FDA Grants Multiple Myeloma Drug Accelerated Approval

Daratumumab is a single agent for multiple myeloma in patients who previously received at least 3 lines of therapy.

Daratumumab is a single agent for multiple myeloma in patients who previously received at least 3 lines of therapy.

The FDA today granted accelerated approval to a new therapeutic option for patients with multiple myeloma.

Daratumumab (Darzalex) was approved as a single agent for multiple myeloma in patients who previously received at least 3 lines of therapy, including a proteasome inhibitor (PI) and an immunomodulatory agent, or in patients who are double-refractory to a PI and an immunomodulatory agent.

The drug is the first monoclonal antibody to be approved for multiple myeloma therapy. It was previously granted priority review and breakthrough therapy designation.

“Targeting proteins that are found on the surface of cancer cells has led to the development of important oncology treatments,” said Richard Pazdur, MD, director of the FDA Office of Hematology and Oncology Products. “Darzalex provides another treatment option for patients with multiple myeloma who have become resistant to other therapies.”

The approval of daratumumab followed a multi-center, open-label study analyzing response rates in 106 patients with relapsed or refractory multiple myeloma administered daratumumab monotherapy.

Patients in the trial showed an objective response rate of 29% (95% CI: 21-39%) with a median response duration of 7.4 months (range: 1.2 to 13.1+ months).

The recommended dose and schedule for daratumumab is 16 mg/kg once per week for 8 weeks, then once bi-weekly for 16 weeks, then once every 4 weeks until disease progression.

The safety of daratumumab was evaluated in 156 patients receiving the proposed dose and schedule.

The most commonly reported side effects were infusion reactions, fatigue, nausea, back pain, pyrexia, cough, and upper respiratory tract infection.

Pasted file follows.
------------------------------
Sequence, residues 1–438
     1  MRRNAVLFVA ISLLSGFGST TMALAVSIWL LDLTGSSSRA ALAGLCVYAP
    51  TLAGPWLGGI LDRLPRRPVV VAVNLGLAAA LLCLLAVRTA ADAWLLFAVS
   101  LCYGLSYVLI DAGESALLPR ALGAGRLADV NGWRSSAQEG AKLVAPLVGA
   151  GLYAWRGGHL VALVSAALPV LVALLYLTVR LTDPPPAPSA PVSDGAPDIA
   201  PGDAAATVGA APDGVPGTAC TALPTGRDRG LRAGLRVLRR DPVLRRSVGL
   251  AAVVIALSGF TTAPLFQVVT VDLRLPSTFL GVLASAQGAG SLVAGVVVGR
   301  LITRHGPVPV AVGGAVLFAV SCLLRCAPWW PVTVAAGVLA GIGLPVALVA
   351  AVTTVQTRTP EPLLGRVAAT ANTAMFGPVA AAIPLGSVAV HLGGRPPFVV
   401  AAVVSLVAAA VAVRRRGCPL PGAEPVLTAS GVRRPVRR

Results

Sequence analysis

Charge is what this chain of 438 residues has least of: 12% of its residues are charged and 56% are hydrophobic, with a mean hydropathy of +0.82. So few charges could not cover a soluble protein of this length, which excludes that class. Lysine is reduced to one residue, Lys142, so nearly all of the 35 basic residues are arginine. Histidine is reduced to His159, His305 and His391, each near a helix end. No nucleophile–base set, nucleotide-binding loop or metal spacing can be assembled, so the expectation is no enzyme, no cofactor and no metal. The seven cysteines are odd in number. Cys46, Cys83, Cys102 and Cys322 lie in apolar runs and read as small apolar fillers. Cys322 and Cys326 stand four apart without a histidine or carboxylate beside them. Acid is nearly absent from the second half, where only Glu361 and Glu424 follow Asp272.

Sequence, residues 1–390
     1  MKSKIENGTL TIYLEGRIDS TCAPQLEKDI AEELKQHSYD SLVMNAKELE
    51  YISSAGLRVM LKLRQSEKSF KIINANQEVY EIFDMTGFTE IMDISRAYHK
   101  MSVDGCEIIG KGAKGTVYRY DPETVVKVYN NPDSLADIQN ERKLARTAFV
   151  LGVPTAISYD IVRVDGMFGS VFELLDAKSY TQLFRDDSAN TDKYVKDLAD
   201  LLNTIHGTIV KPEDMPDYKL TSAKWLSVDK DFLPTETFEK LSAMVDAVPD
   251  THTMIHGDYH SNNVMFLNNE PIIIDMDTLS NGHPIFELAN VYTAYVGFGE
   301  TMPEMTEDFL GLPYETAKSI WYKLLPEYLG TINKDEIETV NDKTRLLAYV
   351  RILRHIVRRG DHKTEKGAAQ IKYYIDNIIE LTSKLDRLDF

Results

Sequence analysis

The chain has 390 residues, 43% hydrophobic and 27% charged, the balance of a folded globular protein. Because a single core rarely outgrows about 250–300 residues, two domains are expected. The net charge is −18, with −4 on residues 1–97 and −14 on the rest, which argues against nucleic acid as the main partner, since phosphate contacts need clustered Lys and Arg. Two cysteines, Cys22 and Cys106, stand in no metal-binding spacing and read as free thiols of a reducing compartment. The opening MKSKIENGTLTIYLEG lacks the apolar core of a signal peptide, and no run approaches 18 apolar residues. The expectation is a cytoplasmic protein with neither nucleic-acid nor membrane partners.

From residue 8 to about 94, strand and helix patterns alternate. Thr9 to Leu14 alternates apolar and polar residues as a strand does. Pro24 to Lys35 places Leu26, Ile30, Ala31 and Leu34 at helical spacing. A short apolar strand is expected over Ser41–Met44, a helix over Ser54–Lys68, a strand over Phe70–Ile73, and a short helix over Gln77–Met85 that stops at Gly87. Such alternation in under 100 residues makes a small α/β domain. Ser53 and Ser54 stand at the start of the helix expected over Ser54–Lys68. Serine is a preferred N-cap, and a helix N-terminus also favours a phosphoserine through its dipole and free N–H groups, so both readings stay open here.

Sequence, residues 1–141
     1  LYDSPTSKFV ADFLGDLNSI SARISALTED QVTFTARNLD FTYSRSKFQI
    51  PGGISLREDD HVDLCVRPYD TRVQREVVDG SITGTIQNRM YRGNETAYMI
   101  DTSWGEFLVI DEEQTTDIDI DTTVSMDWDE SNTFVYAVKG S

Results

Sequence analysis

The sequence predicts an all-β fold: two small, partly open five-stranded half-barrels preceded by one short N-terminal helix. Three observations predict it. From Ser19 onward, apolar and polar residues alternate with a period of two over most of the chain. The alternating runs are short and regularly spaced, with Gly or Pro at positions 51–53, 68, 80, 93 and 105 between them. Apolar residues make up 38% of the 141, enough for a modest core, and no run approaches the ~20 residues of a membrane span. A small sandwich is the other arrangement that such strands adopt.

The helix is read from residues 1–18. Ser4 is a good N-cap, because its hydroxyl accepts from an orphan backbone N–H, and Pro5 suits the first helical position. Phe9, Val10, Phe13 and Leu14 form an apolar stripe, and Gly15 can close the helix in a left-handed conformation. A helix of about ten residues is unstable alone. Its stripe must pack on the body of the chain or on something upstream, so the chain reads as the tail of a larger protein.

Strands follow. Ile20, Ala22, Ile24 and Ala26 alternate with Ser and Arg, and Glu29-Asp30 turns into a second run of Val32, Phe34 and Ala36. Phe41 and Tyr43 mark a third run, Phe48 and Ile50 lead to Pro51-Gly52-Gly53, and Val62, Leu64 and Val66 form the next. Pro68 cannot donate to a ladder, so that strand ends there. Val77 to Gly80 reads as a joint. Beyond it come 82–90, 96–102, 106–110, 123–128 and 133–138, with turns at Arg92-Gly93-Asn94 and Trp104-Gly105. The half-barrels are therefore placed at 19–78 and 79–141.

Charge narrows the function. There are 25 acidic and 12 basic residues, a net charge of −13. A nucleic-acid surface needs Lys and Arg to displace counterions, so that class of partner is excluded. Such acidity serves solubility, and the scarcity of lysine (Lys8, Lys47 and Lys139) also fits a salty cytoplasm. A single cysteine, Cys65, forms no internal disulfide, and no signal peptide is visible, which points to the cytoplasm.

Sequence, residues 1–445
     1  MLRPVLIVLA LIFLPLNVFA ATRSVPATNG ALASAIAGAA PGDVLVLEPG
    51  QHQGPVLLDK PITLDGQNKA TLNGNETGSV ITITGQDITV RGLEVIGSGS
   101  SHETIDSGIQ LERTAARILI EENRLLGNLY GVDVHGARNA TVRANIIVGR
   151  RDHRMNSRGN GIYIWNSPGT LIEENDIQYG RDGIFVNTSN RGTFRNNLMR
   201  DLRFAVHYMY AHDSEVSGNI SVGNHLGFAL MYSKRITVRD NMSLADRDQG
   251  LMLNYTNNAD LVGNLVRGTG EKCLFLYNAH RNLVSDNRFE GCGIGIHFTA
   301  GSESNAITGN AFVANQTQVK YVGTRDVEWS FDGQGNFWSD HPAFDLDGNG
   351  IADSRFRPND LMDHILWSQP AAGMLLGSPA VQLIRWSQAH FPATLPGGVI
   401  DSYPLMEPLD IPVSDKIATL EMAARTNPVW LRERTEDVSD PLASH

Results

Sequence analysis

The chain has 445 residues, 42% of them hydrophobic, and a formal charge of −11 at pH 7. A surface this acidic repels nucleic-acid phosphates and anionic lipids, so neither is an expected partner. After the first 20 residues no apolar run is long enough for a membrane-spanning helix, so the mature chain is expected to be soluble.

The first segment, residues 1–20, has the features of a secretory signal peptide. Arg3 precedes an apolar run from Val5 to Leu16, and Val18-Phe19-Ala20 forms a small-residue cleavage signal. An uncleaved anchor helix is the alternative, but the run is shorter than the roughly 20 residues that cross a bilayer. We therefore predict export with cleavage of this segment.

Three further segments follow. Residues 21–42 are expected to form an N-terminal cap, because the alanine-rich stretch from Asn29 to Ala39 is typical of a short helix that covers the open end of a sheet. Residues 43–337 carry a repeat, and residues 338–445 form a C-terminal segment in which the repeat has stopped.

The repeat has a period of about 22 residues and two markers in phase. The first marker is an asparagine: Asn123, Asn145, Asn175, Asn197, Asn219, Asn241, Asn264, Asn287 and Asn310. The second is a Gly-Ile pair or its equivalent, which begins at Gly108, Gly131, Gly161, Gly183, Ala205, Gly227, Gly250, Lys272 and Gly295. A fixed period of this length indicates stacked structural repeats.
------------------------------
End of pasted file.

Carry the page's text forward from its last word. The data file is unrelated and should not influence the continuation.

Daratumumab was found to interfere blood bank crossmatching, specifically with Indirect Antiglobulin Tests, as a result, should a blood transfusion become necessary caregivers should inform the blood bank a patient was treated with daratumumab.

Janssen is still required, however, to conduct a multicenter, randomized trial to establish the superiority of daratumumab over standard therapy to verify and describe the drug’s clinical benefit of as a condition of approval.

There are still several ongoing multicenter, randomized trials in patients with multiple myeloma to evaluate a primary endpoint of progression-free survival.

"This is an important day for patients in the United States with double refractory multiple myeloma, who will now have Darzalex as a new treatment option for this incurable disease," said Jan van de Winkel, PhD, chief executive officer of Genmab. "The successful approval of Darzalex is the culmination of many years of hard work, perseverance and collaboration on the part of clinical study investigators, Genmab employees and our colleagues at Janssen."